We really want to have the back of the dresser completely flush with the wall, but have been unable to do so because of the wheels and baseboard. Any suggestions would be extremely helpful.
Why not just take the wheels off and cut the badbistds only where the vanity is,
I used your tutorial (and a couple of others) to turn an old dresser into a vanity. But I didn't have any help (other than Professor Google) so I had to figure out all the plumbing myself! instagram.com/p/veQnDXTTGt/
Wow, Sarah, that turned out awesome!! Kudos to you for figuring it out so beautifully. 🙂
Thanks! I was nervous about the plumbing and all the cutting (I was SO nervous about cutting the sink hole), but I'm really happy with how it turned out. Your post helped a lot.
So now that it's been in for a few years, are you happy with the wood/poly top, or do you wish you'd gone with some kind of solid-surface in place of it?
I'm looking at doing this also, and am really torn about whether to just put down 27,000 coats of poly on the existing dresser top, or just replace it with some marble-y looking top instead.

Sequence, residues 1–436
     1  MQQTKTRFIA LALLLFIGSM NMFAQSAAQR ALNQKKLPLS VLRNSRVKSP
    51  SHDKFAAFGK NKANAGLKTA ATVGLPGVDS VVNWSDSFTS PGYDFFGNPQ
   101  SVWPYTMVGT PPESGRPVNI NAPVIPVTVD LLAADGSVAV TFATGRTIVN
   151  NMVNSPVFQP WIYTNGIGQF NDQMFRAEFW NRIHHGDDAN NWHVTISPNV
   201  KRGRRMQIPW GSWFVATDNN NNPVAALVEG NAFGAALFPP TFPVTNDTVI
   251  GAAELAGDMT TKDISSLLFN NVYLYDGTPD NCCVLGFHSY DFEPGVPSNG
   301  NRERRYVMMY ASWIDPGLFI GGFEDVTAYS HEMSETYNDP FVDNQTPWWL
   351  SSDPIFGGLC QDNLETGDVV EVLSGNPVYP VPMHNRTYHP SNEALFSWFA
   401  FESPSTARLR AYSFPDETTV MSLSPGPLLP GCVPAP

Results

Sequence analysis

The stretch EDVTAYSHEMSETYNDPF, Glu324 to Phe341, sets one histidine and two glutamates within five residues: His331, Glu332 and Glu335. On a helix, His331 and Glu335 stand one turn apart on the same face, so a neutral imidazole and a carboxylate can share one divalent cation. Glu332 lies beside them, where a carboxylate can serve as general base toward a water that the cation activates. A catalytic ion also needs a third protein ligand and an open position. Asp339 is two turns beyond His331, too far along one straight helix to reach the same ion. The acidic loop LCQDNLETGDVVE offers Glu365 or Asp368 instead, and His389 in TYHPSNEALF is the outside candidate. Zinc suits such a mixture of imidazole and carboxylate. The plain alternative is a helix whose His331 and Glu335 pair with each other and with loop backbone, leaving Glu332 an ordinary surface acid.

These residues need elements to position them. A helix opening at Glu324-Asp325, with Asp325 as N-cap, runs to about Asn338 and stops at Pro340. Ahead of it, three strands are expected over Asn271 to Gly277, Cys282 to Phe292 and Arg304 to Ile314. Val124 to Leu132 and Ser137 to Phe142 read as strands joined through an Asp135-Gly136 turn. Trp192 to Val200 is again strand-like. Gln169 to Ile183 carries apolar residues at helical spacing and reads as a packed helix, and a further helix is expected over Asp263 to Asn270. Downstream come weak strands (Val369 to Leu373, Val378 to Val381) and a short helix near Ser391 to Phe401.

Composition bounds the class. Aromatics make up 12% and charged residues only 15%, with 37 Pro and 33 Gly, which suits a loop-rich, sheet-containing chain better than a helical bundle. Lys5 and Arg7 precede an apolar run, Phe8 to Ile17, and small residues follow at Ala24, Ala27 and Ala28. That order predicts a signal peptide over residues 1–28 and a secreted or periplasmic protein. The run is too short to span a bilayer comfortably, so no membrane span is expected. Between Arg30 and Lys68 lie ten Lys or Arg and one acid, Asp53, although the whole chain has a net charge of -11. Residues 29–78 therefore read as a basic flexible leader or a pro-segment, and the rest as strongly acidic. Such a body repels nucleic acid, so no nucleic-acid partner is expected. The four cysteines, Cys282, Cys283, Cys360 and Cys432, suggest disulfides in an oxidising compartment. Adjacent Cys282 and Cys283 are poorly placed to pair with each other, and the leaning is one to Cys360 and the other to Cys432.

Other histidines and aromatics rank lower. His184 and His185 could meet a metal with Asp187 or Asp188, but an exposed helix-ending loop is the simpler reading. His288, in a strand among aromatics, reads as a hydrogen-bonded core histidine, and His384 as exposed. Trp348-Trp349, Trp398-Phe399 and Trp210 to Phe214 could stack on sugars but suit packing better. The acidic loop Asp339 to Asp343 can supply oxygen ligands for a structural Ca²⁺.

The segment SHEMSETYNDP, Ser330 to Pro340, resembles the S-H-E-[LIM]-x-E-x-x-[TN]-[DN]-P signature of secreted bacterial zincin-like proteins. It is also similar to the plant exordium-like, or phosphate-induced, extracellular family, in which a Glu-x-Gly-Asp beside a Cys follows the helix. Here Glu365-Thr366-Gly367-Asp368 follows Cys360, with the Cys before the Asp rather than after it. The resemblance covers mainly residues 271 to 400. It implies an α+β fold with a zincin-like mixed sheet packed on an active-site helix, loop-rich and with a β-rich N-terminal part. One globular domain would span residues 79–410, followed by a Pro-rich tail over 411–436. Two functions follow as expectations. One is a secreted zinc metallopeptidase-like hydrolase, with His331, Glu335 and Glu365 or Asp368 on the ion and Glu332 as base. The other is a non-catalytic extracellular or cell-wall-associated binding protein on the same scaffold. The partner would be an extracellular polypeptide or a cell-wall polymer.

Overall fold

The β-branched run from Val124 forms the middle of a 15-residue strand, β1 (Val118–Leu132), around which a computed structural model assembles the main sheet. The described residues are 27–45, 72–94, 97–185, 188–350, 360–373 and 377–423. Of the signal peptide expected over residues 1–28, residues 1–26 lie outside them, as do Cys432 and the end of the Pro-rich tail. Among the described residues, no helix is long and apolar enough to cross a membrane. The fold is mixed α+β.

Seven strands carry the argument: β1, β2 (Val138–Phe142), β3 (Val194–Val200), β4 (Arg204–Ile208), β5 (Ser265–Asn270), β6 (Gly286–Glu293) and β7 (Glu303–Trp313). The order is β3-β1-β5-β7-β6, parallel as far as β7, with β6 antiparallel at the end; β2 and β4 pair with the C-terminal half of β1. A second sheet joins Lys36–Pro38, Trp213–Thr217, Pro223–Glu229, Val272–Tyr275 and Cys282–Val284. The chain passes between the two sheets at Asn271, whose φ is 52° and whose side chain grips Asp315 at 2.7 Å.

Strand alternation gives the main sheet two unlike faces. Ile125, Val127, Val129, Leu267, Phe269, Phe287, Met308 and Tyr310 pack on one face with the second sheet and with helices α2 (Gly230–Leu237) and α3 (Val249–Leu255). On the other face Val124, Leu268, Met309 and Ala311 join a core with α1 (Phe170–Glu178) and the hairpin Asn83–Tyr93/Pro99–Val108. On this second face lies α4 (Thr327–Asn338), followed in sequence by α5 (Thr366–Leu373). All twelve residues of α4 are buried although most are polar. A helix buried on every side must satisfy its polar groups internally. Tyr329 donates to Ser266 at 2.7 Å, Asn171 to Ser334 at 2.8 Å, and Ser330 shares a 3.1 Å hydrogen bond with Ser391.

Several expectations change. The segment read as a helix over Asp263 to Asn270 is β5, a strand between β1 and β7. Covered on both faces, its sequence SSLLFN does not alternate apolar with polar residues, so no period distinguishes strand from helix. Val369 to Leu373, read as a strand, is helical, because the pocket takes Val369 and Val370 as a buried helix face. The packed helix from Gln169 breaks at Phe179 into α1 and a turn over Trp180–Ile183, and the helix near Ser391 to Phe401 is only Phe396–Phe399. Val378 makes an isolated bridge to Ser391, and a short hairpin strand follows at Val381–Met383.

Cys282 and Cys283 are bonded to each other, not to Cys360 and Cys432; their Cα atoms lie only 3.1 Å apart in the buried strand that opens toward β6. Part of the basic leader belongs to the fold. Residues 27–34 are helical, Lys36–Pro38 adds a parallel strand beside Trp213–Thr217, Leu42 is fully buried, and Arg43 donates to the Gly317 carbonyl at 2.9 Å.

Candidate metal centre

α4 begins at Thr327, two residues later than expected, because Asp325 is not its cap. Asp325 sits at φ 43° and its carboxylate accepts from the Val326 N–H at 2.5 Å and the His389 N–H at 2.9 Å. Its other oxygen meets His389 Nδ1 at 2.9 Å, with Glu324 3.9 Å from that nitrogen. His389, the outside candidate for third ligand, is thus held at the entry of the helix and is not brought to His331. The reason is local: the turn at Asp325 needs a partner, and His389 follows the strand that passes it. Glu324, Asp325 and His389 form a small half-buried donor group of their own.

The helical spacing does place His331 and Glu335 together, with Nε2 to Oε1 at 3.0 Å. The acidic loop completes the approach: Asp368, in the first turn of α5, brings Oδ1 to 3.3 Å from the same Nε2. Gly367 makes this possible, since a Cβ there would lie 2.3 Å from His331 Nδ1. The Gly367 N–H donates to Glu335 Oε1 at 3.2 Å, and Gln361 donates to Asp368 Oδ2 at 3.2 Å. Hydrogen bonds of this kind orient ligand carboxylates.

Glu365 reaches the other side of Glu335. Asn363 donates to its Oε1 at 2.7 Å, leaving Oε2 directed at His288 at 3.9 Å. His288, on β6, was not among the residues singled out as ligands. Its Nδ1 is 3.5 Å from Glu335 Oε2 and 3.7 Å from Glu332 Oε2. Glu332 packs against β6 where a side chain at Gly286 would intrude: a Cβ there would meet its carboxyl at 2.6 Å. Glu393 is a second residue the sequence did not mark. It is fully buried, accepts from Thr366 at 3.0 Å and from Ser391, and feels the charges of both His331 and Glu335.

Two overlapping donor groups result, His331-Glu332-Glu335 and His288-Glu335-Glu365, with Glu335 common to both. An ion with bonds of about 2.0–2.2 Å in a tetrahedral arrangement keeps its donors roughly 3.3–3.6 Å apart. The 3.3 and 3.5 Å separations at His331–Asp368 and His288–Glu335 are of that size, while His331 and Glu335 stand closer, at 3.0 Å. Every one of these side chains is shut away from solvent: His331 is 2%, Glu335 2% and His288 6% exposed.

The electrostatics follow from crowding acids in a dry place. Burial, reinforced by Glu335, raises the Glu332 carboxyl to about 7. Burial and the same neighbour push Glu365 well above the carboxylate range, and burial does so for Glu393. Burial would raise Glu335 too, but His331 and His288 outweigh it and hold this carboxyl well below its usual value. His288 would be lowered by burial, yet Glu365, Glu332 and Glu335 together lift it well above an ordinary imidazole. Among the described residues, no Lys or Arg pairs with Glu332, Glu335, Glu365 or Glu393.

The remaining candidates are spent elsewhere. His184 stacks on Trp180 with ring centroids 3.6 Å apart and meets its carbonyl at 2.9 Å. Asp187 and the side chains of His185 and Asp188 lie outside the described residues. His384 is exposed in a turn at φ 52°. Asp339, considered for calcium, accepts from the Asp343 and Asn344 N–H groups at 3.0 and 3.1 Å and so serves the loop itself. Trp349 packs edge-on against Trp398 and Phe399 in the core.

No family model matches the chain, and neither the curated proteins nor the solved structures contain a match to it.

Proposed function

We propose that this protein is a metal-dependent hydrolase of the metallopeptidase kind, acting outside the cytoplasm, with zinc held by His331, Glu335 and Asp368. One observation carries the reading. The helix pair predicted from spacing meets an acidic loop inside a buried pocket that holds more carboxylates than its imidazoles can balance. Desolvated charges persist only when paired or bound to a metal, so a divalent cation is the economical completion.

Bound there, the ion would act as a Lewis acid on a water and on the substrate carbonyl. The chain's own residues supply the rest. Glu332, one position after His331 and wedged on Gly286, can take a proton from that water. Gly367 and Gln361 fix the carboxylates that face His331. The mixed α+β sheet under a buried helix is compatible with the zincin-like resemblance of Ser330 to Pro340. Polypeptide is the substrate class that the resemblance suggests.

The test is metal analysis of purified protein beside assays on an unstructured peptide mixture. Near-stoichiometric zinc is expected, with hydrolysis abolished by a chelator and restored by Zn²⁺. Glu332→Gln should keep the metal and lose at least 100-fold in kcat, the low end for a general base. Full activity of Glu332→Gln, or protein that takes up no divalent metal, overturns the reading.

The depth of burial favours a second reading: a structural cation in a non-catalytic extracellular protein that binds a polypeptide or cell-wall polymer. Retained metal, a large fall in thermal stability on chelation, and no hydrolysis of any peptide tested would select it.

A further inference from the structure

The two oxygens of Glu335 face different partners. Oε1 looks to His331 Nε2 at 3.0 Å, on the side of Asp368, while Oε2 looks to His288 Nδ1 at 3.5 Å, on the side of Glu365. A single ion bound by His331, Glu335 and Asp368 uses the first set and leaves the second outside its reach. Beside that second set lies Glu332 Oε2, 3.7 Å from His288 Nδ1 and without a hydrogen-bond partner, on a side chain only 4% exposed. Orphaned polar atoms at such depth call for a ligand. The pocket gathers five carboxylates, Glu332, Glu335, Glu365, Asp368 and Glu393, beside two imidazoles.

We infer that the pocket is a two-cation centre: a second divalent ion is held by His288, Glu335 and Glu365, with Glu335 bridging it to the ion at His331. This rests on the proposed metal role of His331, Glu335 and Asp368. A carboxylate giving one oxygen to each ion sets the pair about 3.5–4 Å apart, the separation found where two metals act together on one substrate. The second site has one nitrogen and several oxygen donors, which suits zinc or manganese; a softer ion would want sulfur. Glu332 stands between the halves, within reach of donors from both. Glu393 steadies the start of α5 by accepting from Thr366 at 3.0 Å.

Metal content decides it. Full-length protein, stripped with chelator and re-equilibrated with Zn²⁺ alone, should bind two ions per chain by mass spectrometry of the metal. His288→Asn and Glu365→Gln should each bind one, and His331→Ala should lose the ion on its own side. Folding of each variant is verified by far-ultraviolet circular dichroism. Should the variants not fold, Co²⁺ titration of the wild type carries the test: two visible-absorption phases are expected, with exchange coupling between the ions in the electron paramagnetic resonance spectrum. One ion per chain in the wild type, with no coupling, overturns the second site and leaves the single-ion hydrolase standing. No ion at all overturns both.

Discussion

How much water damage have you seen so far?
Oh, I'd always opt for a nice wood top - I still love ours! And I didn't put down a ton of coats - just 4. I'm only now thinking I need to do a touch-up, but that's because a jar fell on it and left an imprint of the lid in the wood. 🙁 In both our baths we have wood tops - the main bath that gets more use we installed a sink with a wide rim (a rectangle) so the soap sits right on the sink and I use a saucer for the soap in our bath. In my experience, that's where most of the water happens - when people use the soap, so plan for that and there's not much of an issue.
Did you use polyurethane over top the paint?
Not the painted part of the dresser, Jennifer, just the top part that would come into contact with water. I'd topcoat it whether I painted the top or stained it like I did here, just to protect it from the water. 🙂